I am a believer that with great power comes great responsibility. I find it sad how few celebrities use the power they have exclusively for self gain or the ever popular nothing at all. Naomi does in fact use her powers of fame and influence for the benefit of others. In 2006, Naomi Watts became a goodwill ambassador for Joint United Nations Programme on HIV/AIDS, it helps to raise awareness of AIDS issues. She has used her high profile and celebrity to call attention to the needs of people living with this disease. She participated in events and activities, including the 21st Annual AIDS Walk. She is presented as an inaugural member of AIDS Red Ribbon Awards. She has participated in campaigns for fundraising. On 1 December 2009, Naomi was meeting with United Nations Secretary-General Ban Ki-moon and joined the AIDS response at a dramatic public event commemorating World AIDS Day 2009. During the event, she said: "It has been both unfortunate and unfair for HIV infection to be considered a shameful disease, for people living with HIV to be judged as blameworthy, and for AIDS to be equated with certain death. I have personally seen that dignity and hope have been strongest among those whose lives were changed by HIV."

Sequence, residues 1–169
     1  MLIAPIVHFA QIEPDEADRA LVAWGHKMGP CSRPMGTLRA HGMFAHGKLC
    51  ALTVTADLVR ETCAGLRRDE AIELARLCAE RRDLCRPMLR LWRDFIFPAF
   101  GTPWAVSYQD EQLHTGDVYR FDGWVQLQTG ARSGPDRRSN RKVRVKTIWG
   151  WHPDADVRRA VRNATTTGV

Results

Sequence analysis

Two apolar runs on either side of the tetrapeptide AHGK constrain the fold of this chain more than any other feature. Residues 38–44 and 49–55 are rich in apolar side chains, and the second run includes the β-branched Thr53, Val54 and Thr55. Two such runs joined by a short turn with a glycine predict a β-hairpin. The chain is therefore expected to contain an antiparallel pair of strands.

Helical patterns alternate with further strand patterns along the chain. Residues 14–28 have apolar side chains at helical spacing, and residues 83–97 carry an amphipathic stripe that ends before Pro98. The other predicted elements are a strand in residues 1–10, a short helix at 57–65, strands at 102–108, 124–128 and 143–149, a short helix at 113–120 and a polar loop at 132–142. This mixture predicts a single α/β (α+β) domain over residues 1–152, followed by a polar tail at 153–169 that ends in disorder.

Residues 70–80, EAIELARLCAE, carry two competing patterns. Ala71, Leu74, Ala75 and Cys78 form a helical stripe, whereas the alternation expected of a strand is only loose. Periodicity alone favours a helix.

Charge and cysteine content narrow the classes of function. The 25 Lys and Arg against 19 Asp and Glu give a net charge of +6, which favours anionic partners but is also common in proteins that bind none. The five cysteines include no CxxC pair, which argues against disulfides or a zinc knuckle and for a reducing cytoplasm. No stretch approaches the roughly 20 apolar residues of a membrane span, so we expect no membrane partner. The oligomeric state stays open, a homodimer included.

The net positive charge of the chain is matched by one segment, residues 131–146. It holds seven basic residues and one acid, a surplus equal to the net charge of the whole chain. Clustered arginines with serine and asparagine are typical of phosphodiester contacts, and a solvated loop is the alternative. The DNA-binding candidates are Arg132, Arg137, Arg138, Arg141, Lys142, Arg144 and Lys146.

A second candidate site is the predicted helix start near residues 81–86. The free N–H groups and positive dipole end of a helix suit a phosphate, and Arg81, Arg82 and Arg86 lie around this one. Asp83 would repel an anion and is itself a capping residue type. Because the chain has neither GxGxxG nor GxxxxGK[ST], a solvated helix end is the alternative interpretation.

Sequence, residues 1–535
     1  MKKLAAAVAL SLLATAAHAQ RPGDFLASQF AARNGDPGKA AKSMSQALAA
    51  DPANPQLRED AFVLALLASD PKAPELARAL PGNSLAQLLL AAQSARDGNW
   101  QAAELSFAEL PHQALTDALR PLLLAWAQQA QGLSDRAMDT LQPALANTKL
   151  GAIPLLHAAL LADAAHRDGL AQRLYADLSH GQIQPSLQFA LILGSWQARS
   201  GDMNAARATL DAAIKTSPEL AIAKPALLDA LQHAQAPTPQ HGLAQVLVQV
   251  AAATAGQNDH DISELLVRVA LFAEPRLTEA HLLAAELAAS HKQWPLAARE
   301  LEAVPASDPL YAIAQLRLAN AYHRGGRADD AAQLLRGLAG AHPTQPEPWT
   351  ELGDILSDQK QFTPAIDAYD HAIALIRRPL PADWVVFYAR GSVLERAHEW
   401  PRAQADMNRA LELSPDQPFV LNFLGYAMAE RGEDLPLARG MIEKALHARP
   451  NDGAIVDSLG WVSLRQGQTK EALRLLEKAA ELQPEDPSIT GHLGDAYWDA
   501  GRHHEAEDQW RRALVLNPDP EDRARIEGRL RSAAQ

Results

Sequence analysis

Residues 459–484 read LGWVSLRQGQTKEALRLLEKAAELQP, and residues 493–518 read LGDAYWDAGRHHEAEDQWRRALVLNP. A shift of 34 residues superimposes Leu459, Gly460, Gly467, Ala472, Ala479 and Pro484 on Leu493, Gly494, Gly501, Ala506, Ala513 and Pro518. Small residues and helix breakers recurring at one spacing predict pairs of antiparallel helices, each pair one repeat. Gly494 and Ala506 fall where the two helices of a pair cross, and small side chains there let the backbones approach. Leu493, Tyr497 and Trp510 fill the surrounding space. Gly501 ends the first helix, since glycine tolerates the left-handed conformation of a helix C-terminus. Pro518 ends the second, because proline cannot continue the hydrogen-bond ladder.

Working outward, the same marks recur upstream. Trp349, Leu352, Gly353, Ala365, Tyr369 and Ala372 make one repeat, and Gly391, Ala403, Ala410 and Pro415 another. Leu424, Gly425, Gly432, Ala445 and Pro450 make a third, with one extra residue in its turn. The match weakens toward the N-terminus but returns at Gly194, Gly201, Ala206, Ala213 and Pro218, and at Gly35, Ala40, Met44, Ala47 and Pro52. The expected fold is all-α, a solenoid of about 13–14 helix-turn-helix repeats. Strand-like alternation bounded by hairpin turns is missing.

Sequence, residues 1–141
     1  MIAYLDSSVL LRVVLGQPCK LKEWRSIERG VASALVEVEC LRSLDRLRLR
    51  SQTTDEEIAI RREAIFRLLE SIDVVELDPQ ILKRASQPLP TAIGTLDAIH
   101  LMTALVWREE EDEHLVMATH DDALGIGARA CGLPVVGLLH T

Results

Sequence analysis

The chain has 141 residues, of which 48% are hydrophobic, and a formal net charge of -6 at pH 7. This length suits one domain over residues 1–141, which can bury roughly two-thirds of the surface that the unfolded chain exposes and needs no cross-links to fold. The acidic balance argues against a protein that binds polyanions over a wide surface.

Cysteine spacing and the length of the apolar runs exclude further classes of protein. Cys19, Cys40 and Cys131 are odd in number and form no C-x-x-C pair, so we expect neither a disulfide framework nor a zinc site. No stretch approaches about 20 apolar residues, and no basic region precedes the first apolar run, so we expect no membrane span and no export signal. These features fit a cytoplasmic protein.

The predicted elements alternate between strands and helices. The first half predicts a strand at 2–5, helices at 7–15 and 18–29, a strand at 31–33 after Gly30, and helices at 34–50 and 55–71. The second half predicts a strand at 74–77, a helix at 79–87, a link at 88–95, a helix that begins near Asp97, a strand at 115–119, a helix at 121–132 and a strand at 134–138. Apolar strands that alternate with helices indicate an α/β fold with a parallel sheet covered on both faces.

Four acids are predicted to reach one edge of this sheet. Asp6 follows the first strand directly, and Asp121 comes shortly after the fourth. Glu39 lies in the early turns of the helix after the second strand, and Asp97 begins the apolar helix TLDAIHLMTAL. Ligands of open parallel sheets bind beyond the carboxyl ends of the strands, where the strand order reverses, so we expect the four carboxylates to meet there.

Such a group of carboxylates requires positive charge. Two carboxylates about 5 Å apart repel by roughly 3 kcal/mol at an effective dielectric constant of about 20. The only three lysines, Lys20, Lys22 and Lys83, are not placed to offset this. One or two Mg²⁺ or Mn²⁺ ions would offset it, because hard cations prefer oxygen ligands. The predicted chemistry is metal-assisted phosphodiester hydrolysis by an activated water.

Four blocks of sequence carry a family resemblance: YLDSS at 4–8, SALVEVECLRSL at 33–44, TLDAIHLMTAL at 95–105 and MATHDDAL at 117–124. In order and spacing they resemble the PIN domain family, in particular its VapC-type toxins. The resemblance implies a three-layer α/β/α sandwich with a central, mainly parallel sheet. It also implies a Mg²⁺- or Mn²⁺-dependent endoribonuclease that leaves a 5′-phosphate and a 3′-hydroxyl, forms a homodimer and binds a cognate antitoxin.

And she's a women who is far from done. After working with such famed directors as David Lynch, David Cronenberg, and David O. Russell (three of my very favorite Davids), Naomi does not intend to go gently into that good night. It is commonly known that aging actresses are treated differently from aging actors. Where one is embraced, the other is merely replaced. She, like many of us, would like to see that come to an end.

"If I have to produce movies, direct movies, whatever to change the way Hollywood treats older women, I'll do it. If I have to bend the rules, I will. If I have to break them, I will."

Here's to a woman who never lets fear stand in her way.

Fatally Yours,